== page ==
Nurses-Now-Entrepreneurs Follow Exciting Journey from Idea to Development
Breaking every public speaking rule that as a faculty member at the College of Southern Maryland she always follows, entrepreneur Liz Benson began talking to five business professionals by avoiding eye contact and ignoring several who would be deciding the financial fate of a prototype simulation device designed for future health care professionals to better prepare for their careers.
It was no accident that she shook the hands of only two of the five panelists who would be judging her and her innovation as part of a “Shark Tank” model in which she was competing with 190 teams for funding. Instead, it was a premeditated effort to throw the panelists off balance. Representing B&G Educational Innovations, Benson developed her approach while trying to find the best way to drive home her product's relevance for enhanced realism in clinical education. She knew her socially awkward introduction worked when she heard murmurs and saw their uncomfortable body language.
“Good communication skills are the key to building trust,” Benson said she told them. “Just as nursing students need to learn technology to create good outcomes for their patients, they need to learn interpersonal communication skills demonstrating competence and caring – the basis of trust-building.” Benson's pitch went on to explain how the wearable simulation devices her company designed would give health care students an edge in communicating with patients.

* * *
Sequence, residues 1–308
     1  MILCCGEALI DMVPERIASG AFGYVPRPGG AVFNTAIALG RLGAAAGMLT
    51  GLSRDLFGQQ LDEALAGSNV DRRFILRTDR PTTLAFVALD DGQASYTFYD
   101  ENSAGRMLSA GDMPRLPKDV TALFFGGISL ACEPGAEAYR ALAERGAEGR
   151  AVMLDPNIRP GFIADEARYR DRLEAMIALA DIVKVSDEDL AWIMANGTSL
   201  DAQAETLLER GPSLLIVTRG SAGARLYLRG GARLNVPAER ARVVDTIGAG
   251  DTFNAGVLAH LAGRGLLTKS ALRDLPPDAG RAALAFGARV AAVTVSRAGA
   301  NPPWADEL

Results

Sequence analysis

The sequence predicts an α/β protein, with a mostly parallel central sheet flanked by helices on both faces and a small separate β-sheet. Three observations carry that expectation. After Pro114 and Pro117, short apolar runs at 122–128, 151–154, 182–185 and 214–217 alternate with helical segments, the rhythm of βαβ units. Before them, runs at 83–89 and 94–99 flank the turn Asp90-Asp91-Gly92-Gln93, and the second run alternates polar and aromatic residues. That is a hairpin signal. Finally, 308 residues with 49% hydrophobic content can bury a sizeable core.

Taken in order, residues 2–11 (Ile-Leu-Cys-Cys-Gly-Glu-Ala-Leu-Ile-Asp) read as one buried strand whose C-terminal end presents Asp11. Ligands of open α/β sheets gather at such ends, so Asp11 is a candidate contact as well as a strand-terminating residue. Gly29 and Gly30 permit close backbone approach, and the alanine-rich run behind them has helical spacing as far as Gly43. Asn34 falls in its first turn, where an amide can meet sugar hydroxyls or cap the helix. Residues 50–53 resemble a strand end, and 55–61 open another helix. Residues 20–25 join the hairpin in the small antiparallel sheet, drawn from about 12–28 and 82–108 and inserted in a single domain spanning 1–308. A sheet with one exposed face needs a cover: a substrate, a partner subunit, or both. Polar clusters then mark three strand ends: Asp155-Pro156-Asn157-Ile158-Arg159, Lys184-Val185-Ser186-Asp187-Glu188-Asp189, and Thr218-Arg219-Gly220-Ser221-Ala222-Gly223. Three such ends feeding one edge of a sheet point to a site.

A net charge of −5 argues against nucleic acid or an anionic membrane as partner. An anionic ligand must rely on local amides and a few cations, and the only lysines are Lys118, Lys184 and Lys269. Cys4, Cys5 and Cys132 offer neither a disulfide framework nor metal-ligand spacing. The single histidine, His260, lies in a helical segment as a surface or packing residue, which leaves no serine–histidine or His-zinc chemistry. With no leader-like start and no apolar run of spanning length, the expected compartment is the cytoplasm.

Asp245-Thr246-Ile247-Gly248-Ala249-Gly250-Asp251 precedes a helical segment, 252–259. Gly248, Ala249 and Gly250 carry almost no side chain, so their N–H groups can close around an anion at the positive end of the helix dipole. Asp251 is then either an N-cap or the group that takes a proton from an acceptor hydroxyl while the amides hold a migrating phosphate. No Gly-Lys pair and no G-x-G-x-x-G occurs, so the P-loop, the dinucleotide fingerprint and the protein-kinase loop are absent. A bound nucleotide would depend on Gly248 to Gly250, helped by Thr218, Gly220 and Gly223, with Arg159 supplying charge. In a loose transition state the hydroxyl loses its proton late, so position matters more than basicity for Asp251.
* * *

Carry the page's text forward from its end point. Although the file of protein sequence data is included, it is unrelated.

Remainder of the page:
The panel, comprised of business executives from Jacksonville, Fla., not only understood her initial “rudeness” and the point she demonstrated, but moved BGEI's ReaLifeSim product line of low-cost, wearable simulation devices along in the competition, awarding BGEI a top prize of $120,000 in Microsoft Office support and services and the opportunity to take a seat at a business accelerator course.
Benson, a Level III certified adjunct professor of biology and nutrition at CSM and the 'B' in BGEI, has degrees in biotechnology/life sciences from Worcester Polytechnic Institute, nursing from Drexel University and education from Regent University. She is also a faith community nurse through Duke University. Throughout her 35 years of nursing, Benson's clinical focus has been on emergency services and cardiac critical care. She has been an educator for 25 years, developing and teaching courses in higher education, hospitals and private schools.
The 'G' in BGEI is Linda C. Goodman, a nursing professor and coordinator of the simulation labs on CSM's three campuses, with degrees in nursing from University of Phoenix, nursing education from Stevenson University and a post-graduate certificate in clinical simulation from Boise State University. Goodman has 35 years of experience in the management and operation of long-term care facilities and has been an educator for 28 years. A recognized leader within Maryland's health care simulation community, she combines her clinical expertise and a passion for teaching when preparing and mentoring future generations of nurses.
Benson and Goodman met 10 years ago when working in the Health Sciences Division at CSM.
“Innovation is one of the core values at CSM and developing better ways to teach, creating better processes and securing better technology is encouraged and celebrated,” Goodman said.